Gonzaga University trustees Friday began a national search for a successor to longtime President Bernard Coughlin.
Rev. Coughlin will be elevated to the position of chancellor once a new president is hired.
Coughlin has led Gonzaga for 21 years. In that time, he has presided over an era of sustained growth in enrollment, budgets and facilities on campus, the trustees said.
Coughlin is 72.
About 150 people turned out at Martin Centre for the announcement by members of the board of trustees. The crowd gave Coughlin several ovations.
No timetable was set for the search. Under university bylaws, the new president must be a Jesuit.
Once the new president is in place, Coughlin will turn his attention as chancellor to building relationships outside the university.
Part of the job will be raising money in a new campaign to double the university’s endowment from $50 million to $100 million by the year 2000.
“Father Coughlin really has set a standard of excellence, a standard of ethics and a standard of commitment for this university,” said trustee Duff Kennedy of Seattle.
Kennedy and other trustees said they want a seamless change of leadership, and that is why they are elevating Coughlin to the role of chancellor. The transition had been discussed privately for at least two years.
GU has never had a chancellor in its 108-year history, so Coughlin’s eventual appointment to that position shows the university’s high regard for him, Herak said.
After the announcement, Coughlin stepped onto a stage and gazed into the applauding crowd. His jaw quivered slightly. His eyes misted.
“I’ve considered it an honor to be a president of such a fine place,” he said.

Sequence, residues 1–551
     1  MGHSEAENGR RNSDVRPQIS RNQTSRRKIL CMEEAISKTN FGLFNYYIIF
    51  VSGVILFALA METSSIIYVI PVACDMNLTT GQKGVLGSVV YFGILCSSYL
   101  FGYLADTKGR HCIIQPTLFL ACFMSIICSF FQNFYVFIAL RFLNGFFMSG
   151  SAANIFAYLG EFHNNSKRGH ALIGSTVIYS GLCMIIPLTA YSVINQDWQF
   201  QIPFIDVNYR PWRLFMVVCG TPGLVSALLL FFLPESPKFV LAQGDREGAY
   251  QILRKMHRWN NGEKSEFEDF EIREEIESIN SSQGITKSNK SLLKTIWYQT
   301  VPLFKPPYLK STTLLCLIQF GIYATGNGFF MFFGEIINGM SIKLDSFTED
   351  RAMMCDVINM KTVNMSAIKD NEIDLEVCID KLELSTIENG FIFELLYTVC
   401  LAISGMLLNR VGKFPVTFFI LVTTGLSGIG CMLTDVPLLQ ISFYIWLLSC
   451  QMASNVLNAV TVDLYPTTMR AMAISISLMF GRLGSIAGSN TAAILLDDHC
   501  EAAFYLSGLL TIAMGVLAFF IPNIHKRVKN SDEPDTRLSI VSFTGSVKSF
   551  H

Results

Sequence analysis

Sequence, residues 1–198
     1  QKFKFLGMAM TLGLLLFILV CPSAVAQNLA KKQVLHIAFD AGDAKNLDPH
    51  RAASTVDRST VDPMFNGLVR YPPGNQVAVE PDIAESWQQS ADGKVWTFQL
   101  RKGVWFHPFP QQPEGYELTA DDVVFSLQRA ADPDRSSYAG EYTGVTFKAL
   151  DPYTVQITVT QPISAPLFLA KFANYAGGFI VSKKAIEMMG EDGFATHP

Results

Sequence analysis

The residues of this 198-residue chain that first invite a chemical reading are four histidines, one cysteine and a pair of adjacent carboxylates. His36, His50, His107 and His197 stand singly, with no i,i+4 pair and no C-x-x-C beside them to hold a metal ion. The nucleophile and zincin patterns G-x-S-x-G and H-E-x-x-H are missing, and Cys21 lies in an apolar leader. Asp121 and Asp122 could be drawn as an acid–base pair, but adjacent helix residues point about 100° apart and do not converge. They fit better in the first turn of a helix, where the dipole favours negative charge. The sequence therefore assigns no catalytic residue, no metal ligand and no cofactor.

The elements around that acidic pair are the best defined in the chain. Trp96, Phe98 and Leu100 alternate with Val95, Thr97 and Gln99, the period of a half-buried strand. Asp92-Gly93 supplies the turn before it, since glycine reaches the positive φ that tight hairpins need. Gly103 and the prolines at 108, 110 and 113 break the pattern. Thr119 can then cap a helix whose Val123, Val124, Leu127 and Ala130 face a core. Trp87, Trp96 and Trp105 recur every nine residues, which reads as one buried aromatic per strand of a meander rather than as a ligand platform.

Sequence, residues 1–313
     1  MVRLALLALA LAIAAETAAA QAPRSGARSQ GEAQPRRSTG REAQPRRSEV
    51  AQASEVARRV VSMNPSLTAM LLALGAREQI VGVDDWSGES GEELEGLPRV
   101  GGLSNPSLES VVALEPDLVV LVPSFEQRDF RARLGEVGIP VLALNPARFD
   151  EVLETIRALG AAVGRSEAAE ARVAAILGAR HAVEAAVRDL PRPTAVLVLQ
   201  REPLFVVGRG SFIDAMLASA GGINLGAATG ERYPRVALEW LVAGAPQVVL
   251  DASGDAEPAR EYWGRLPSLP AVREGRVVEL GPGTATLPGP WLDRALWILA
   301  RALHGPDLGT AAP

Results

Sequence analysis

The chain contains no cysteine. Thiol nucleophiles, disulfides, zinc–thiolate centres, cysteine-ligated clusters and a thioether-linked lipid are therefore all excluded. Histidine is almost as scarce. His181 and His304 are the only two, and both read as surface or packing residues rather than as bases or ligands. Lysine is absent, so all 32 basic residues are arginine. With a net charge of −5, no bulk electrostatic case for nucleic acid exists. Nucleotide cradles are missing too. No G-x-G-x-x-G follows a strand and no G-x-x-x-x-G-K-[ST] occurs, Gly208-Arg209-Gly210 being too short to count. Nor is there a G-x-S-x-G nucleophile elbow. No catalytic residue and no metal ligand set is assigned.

“This is the right time for this,” Coughlin said. “I feel good about this because Gonzaga University is in a position of strength.”
The former social services professor was hired as GU’s 23rd president in 1974 out of Saint Louis University.
During his tenure, enrollment doubled to more than 4,700 students. The budget grew from $9.6 million to $71 million this year.
A decade-long fund-raising campaign brought in $72 million and culminated in the opening of a sixth new campus building this month. It also created a $15 million scholarship fund and $8 million for endowed professorships.
The new campus buildings include the Jundt Art Center and Museum, the Rosauer Center for Education, the Foley Center library, the Jepson Center for Business Administration, the Martin Centre for recreation and athletics and the Herak Center for Engineering.
Coughlin said the university still needs a new law school, a project that has been under discussion for a number of years. GU also is planning new science buildings, he said.
Throughout his tenure, Coughlin has emphasized the need to serve the broader community through volunteerism and professional careers under a Jesuit tradition of helping others.
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